Palantir released a statement that said, in part: “Despite repeated efforts to highlight the results of our hiring practices, the Department of Labor relies on a narrow and flawed statistical analysis relating to three job descriptions from 2010 to 2011. We intend to vigorously defend against these allegations.”
Palantir’s legal action has forced a number of Army intelligence czars to undergo sworn depositions by lawyers from the firm of Boies, Schiller & Flexner. While much of their testimony is under seal, some surprising snippets have emerged in follow-up legal motions asking the judge to rule based on the existing record of evidence. A decision is expected by month’s end.
Some consistent complaints against the Distributed Common Ground System are that it is too complicated, too slow to retrieve and dispense data, and too prone to crashes.
Palantir’s attorneys portrayed one unidentified Army official’s testimony as an acknowledgment that the Gotham data management platform does chores “above and beyond” the common ground system.
“There were soldiers, units that had purchased Palantir with their own dollars and were using it to meet some of the specific needs of that unit in Afghanistan and Iraq,” the official said.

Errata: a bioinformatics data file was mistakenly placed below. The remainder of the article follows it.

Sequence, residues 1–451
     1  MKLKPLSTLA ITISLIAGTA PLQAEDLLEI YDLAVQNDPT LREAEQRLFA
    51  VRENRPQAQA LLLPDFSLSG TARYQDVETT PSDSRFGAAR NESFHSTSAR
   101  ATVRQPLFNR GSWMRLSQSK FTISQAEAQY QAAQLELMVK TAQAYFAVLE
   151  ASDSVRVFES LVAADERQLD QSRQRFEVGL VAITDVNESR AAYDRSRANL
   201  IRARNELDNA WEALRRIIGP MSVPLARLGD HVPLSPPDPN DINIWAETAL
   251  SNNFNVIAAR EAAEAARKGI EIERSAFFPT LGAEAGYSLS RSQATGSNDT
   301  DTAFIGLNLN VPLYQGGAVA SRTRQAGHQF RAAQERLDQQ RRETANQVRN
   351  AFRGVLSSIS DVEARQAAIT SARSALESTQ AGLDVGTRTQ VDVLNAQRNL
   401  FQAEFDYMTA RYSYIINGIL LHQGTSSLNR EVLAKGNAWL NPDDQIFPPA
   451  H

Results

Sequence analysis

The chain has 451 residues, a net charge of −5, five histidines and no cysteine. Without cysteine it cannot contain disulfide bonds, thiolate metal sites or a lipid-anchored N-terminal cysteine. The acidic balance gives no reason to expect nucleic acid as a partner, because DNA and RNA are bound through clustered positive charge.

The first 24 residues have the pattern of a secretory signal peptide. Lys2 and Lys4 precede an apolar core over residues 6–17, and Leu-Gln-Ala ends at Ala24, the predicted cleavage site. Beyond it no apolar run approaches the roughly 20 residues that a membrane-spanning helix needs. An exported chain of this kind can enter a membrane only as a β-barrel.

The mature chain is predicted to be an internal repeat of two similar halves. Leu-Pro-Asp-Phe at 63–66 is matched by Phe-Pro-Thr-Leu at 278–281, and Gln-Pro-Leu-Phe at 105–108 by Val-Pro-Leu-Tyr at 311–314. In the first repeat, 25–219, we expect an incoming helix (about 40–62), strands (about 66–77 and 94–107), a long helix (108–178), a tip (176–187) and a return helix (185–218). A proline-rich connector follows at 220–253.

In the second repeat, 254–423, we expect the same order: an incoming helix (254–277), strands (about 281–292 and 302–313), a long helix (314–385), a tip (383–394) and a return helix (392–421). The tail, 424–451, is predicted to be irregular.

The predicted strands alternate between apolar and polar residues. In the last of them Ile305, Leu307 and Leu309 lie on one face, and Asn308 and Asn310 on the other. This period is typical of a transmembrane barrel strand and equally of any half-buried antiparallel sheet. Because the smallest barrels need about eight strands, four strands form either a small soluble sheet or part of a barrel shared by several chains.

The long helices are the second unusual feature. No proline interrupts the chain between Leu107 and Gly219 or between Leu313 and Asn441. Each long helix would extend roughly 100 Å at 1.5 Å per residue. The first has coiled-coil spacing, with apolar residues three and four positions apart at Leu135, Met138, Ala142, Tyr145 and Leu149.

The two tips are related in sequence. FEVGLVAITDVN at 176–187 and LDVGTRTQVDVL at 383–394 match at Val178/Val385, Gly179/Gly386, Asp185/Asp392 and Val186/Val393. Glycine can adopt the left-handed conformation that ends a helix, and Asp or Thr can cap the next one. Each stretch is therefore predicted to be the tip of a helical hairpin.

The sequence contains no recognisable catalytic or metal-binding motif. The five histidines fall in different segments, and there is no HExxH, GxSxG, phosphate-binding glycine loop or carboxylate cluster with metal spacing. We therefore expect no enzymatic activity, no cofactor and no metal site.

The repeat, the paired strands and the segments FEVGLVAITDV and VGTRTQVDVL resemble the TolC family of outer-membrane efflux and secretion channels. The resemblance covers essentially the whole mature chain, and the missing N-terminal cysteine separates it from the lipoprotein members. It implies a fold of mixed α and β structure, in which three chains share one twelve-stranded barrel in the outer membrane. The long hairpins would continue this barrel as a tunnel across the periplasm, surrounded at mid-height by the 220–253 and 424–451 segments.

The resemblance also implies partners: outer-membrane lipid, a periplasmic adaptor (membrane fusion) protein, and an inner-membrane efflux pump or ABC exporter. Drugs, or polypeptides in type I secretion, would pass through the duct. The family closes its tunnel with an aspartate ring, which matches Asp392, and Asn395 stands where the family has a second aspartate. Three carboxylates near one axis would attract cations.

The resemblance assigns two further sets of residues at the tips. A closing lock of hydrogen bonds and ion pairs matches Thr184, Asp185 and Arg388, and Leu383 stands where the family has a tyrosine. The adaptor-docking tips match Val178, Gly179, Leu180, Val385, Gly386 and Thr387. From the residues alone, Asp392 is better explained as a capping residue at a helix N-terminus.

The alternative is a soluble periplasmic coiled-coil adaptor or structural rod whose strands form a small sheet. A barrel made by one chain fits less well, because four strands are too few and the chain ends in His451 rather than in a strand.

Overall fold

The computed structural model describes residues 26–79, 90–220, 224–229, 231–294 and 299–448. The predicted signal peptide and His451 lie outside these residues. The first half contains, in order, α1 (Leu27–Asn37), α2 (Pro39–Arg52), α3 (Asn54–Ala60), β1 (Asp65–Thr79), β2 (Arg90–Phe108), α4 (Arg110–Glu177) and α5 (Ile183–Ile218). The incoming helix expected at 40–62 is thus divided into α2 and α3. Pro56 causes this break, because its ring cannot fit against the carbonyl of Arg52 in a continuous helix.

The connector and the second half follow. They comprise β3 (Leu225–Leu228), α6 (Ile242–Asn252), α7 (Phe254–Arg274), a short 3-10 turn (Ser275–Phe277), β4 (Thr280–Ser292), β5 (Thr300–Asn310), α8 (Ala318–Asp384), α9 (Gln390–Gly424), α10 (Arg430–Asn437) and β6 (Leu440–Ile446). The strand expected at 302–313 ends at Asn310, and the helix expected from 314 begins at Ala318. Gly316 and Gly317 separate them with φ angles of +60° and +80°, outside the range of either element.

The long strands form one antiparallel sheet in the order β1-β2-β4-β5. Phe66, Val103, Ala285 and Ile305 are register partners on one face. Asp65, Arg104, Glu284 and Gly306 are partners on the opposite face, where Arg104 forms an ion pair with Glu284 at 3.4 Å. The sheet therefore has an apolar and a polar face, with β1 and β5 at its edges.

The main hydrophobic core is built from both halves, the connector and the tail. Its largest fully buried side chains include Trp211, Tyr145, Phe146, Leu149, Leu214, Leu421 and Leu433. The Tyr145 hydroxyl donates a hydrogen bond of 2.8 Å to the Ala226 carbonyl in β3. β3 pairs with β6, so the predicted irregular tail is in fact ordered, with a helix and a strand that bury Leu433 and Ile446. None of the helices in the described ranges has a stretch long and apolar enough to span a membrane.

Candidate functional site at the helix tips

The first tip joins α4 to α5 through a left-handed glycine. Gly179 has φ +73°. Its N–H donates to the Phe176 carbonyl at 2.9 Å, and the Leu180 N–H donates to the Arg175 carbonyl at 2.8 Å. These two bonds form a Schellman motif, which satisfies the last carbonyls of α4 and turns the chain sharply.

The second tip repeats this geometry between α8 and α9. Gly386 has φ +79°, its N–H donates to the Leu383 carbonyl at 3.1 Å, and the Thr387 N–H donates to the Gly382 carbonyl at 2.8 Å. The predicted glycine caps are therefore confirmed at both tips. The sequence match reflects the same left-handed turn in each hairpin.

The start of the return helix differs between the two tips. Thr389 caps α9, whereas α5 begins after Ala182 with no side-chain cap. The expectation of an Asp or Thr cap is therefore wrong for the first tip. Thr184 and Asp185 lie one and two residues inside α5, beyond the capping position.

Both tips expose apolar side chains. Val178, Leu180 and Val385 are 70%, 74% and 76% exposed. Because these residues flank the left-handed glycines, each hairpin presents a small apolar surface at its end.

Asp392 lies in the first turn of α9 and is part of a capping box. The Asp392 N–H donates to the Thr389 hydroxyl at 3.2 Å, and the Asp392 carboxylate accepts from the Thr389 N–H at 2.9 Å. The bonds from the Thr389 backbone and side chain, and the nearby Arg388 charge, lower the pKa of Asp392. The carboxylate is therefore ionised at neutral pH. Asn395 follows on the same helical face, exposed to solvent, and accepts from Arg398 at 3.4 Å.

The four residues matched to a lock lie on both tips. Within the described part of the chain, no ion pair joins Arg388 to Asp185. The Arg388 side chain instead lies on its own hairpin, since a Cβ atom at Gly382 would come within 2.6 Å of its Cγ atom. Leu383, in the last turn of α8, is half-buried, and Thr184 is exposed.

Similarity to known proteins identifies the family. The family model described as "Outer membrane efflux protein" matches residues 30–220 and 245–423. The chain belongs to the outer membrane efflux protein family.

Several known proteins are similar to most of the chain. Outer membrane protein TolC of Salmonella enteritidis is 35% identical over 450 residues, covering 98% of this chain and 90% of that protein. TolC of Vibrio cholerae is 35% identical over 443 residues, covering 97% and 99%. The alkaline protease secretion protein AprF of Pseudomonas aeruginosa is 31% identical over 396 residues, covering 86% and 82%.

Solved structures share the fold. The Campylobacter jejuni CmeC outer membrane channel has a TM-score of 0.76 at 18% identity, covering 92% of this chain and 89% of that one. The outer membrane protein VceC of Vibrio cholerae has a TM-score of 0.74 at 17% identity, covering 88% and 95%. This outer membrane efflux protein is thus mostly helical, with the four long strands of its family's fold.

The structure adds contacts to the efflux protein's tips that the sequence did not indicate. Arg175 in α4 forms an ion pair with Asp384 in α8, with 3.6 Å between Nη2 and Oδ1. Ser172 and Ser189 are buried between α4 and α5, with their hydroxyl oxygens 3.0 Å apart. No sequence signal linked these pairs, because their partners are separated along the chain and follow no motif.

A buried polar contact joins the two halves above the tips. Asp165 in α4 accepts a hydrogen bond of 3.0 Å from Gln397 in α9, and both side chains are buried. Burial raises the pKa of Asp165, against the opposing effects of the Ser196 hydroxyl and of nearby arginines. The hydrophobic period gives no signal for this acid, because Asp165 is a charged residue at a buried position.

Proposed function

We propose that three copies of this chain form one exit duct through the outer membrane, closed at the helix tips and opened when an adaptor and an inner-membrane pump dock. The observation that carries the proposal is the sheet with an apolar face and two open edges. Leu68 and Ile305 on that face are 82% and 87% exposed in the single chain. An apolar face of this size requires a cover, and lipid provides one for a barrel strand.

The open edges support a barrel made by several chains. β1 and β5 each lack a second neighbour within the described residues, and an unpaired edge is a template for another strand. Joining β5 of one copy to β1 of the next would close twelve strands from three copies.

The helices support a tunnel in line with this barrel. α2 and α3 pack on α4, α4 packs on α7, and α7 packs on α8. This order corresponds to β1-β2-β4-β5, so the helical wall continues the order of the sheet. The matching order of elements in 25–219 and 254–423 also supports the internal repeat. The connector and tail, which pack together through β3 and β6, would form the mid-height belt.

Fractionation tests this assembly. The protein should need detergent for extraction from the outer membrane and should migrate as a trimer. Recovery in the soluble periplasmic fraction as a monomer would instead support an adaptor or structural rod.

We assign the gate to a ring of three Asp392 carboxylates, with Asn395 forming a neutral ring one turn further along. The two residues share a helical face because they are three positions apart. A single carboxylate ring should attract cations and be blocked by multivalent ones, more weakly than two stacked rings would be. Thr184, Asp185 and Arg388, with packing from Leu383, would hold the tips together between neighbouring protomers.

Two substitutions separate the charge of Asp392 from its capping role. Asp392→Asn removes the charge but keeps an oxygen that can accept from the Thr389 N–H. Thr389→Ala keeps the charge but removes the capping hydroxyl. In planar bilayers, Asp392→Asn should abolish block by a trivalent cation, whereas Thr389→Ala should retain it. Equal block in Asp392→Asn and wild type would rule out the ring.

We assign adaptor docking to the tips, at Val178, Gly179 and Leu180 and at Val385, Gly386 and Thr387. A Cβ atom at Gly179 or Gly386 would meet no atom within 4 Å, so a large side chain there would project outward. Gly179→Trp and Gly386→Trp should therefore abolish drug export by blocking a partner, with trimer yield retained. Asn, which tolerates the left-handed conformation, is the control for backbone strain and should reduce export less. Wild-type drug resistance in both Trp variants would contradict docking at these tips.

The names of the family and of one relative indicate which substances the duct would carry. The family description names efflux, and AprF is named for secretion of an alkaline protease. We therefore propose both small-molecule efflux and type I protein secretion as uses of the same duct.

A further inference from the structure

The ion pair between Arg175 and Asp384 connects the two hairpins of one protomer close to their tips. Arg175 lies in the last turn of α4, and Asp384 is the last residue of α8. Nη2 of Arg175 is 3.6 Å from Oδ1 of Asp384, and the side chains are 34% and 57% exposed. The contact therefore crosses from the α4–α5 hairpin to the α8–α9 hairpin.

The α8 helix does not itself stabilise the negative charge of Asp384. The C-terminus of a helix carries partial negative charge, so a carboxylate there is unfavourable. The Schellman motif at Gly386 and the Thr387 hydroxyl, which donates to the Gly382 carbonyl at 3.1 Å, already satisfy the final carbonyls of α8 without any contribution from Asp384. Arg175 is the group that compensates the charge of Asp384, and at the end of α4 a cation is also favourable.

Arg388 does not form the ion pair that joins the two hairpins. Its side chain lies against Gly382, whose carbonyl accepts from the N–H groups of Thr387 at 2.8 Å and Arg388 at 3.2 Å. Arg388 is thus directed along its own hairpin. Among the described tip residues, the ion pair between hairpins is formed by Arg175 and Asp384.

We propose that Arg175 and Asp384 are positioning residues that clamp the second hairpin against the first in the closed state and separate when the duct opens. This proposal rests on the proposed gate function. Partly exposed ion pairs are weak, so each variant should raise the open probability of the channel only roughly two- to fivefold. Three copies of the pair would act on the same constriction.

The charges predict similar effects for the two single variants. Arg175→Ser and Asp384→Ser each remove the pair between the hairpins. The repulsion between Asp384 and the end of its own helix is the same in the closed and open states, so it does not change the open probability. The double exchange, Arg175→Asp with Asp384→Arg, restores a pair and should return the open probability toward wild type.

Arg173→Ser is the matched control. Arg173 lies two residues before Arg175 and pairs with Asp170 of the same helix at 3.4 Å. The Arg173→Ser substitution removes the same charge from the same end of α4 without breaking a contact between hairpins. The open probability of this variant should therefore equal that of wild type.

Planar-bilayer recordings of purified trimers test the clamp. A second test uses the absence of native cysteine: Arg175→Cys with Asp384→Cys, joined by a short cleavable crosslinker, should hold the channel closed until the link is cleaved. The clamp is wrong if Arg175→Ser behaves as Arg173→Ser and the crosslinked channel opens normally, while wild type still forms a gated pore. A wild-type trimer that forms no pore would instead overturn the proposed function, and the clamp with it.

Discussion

Asked if this was because the existing system did not meet their needs, the witness said, “Some of the needs were the same. Some were additional, above and beyond.”
‘No technical reason’
Depositions also show that the Army misled lawmakers when it circulated a white paper on Palantir. The paper said the Army had conducted an extensive evaluation of Palantir when, in fact, it had not.
“We did not do any formal evaluation or determination of whether or not the tools could live inside [the common ground system],” an Army official said.
Congressional aides say the Army’s motivation for fighting Palantir is that it wants to develop its own software and hardware with its selected contractors and views the company in Palo Alto, California, as an interloper.
Members of Congress, led by Rep. Duncan Hunter, California Republican and a former Marine Corps officer, repeatedly have urged the Army to buy off-the-shelf plug-ins to avoid the increased cost of ground-up development. Palantir is used by the CIA, the National Security Agency and special operations, among other agencies.